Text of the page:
Finding your niche

Species often compete for many different resources, but what does this mean for patterns of biodiversity?

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Sep 18, 2017
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And NUH is the letter I use to spell Nutches
Who live in small caves, known as Niches, for hutches.
These Nutches have troubles, the biggest of which is
The fact there are many more Nutches than Niches.
Each Nutch in a Nich knows that some other Nutch
Would like to move into his Nich very much.
So each Nutch in a Nich has to watch that small Nich
Or Nutches who haven’t got Niches will snitch.
                               - Dr Seuss, On Beyond Zebra! (1955)

The paper in Nature Ecology & Evolution is here: http://go.nature.com/2wpmEuJ

The concept of niche – whether you say “nitch” like Dr Seuss, or prefer the British “neesh” – is central to ecology. It plays a fundamental role in our understanding of biodiversity, characterising the relationship between an organism and its environment.

The father of modern ecology, G. Evelyn Hutchinson, thought of the niche as an “n-dimensional hypervolume” – analogous to the volume of an object in 3 dimensions – describing all the factors that regulate the existence of a species (e.g. light, temperature, resources, predators). The extent to which the niches of two species overlap with each other, for example by sharing the same food source, gives an indication of the strength of competition between them: greater overlap implies stronger competition. 

Competition for resources can be fierce. Keith Ellwood / Flickr / CC BY 2.0

Many studies have focused on competition for a single resource that varies in one characteristic (e.g. different sized seeds), but in reality resources vary in multiple aspects (e.g. size, colour, shape) and organisms are regulated by many factors (e.g. food, nest sites, predators) – how do species diversify when niche space has more than 1 dimension?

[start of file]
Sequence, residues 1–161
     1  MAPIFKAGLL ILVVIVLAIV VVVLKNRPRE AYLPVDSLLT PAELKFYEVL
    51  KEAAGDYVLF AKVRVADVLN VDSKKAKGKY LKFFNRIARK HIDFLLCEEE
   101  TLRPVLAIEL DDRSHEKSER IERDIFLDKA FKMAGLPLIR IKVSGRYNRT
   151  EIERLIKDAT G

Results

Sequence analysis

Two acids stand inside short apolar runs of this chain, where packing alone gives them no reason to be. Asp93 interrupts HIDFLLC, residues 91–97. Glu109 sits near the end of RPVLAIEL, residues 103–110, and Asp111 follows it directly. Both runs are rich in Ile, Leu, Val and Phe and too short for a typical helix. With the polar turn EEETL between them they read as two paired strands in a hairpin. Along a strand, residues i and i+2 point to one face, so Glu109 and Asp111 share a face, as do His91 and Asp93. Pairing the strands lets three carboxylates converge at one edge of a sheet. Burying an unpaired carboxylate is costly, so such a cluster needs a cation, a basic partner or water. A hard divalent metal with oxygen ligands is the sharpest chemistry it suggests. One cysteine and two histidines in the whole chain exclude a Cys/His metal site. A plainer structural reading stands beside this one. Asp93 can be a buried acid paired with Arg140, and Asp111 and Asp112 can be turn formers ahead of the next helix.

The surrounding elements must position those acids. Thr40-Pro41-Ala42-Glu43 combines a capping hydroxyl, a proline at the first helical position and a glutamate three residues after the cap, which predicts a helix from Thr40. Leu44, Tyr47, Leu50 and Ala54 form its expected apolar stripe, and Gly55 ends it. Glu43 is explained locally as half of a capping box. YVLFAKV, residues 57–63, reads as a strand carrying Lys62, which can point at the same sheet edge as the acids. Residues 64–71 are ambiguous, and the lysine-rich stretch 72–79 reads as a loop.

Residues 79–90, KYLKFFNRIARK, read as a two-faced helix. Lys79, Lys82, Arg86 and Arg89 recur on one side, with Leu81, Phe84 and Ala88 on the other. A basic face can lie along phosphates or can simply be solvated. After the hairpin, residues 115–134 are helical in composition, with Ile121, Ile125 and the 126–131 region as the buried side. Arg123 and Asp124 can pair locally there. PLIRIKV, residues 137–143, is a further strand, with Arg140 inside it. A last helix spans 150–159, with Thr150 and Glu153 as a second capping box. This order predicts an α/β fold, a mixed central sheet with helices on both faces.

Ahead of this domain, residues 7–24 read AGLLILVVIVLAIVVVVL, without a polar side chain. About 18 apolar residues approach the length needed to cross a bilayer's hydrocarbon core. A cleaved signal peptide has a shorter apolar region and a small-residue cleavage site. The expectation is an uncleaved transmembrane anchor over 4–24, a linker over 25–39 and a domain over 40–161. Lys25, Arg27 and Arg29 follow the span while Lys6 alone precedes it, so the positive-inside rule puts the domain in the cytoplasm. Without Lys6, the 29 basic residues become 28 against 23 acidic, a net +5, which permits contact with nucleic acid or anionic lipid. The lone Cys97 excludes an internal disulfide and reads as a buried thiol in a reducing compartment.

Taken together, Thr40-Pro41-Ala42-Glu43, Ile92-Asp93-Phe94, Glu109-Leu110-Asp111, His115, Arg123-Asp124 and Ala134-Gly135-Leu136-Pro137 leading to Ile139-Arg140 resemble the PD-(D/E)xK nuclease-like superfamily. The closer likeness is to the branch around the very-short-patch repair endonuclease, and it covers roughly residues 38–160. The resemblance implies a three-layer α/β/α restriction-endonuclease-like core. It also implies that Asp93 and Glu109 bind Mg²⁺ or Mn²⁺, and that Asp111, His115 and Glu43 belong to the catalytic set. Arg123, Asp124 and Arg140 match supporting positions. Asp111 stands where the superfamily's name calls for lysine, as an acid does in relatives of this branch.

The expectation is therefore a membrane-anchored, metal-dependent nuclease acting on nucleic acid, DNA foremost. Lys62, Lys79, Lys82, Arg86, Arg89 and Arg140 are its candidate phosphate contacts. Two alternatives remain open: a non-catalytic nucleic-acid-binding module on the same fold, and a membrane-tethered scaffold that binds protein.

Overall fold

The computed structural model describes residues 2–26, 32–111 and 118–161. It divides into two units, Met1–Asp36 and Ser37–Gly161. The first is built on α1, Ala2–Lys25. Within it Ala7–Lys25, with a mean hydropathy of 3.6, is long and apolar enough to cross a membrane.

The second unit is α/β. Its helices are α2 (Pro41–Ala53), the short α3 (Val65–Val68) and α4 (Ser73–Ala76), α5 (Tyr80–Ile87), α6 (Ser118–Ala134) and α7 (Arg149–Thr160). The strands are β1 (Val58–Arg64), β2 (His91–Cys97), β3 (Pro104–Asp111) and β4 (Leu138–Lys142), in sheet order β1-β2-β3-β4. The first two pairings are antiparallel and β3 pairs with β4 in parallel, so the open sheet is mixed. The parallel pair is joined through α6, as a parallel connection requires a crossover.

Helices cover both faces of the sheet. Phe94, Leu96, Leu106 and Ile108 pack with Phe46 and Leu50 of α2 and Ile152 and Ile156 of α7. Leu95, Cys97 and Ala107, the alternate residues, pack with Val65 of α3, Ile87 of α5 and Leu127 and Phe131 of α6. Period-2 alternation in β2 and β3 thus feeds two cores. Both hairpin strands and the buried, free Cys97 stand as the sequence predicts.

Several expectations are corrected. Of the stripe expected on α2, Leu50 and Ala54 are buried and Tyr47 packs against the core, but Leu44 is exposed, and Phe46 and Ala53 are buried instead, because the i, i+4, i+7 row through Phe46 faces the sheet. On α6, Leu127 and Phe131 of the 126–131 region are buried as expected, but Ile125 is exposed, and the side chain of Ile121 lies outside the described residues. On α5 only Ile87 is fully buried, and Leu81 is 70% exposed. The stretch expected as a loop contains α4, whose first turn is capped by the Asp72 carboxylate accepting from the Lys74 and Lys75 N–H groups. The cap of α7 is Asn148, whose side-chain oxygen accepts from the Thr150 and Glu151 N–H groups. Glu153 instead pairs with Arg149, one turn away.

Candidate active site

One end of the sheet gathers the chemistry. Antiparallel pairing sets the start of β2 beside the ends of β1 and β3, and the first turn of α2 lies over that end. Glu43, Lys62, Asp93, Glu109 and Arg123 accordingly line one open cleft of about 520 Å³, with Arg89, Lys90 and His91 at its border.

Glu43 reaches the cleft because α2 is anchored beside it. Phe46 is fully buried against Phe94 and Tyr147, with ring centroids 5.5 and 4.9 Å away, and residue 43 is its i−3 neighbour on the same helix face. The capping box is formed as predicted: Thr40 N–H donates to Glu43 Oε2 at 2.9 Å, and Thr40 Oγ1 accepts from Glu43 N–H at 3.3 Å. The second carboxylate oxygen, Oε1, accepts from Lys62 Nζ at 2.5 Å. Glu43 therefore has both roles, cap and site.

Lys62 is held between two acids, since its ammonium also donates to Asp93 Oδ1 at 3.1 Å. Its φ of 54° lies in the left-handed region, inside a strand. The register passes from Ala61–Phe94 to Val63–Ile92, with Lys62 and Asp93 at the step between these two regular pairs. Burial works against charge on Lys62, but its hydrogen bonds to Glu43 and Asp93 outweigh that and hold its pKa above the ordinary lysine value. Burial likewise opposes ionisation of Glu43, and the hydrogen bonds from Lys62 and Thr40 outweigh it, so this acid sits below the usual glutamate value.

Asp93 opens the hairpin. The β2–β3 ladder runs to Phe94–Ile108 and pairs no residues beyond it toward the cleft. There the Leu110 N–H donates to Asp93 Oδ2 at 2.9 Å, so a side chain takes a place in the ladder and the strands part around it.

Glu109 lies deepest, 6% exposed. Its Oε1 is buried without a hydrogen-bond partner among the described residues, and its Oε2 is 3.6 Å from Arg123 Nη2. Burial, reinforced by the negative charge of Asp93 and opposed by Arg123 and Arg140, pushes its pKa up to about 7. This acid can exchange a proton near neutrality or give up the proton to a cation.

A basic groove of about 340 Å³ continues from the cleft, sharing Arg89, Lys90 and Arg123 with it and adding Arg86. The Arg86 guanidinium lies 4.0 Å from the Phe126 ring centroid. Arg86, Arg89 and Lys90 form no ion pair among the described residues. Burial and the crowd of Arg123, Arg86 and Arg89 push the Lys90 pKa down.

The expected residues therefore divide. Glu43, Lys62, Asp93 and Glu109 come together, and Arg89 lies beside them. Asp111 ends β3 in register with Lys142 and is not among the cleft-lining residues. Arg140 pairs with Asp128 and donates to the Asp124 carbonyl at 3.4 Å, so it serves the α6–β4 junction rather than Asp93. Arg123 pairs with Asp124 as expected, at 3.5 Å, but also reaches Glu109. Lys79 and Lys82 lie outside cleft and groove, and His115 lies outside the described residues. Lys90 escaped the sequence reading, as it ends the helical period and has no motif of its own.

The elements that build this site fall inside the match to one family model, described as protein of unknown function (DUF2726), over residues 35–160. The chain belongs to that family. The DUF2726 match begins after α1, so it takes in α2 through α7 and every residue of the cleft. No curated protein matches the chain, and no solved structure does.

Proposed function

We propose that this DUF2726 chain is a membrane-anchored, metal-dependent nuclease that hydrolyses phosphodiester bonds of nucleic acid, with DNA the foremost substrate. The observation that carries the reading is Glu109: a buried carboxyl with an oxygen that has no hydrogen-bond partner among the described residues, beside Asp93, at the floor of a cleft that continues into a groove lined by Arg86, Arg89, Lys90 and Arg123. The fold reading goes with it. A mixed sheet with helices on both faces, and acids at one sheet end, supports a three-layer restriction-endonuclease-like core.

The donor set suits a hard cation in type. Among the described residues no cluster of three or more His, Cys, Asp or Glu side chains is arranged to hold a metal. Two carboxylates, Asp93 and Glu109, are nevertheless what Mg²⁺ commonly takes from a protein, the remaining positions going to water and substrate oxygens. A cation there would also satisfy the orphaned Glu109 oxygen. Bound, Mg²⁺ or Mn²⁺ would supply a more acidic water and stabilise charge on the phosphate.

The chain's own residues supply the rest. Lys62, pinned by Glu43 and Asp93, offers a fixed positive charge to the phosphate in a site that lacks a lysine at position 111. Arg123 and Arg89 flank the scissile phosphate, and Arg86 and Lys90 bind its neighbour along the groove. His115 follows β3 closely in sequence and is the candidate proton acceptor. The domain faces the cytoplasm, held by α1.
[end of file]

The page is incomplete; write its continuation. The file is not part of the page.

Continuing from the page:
Existing theory predicts that species are tightly packed in a regular pattern with a certain distance between neighbours. But there is little evidence to support this prediction, with most data suggesting that many potential niches are in fact unfilled. 

Our study re-examines these ideas and shows that niche space is only tightly packed when resources are substitutable (e.g. different food sources), as when resources are non-substitutable (e.g. food source and nest sites), species diverge across each resource type.

Simulations with substitutable (left) and non-substitutable (right) resources
Niche space is tightly packed with species (dots) when resources are substitutable (left), but many potential niches are left unfilled when resources are non-substitutable (right).

This result has important implications for our understanding of species coexistence and patterns of biodiversity. In particular, many potential niches remain unfilled because species must diverge on all non-substitutable resources.

Niche theory tells us which species are likely to be threatened by invasive species such as bumblebees. / Vera Buhl / CC BY-SA 3.0

The niches that end up being filled may be arbitrary, so that the occupied niches in one location may differ from another simply by chance. For instance, in one location birds may eat small seeds and live in high nests or eat large seeds and live in low nests, whereas in another the pattern may be reversed. 

Simulations of arbitrarily occupied niches
When resources are substitutable, the niches that end up being filled may be arbitrary

Even though our study predicts that many niches are unfilled, the concept of niche space retains its value by showing all of the potential species that might exist. In practice, however, only a few of these species will coexist, and those that do may differ between locations simply by chance.

Go to the profile of Ben Ashby

Ben Ashby

Research Fellow, University of Bath

Mathematical biology, Evolutionary biology

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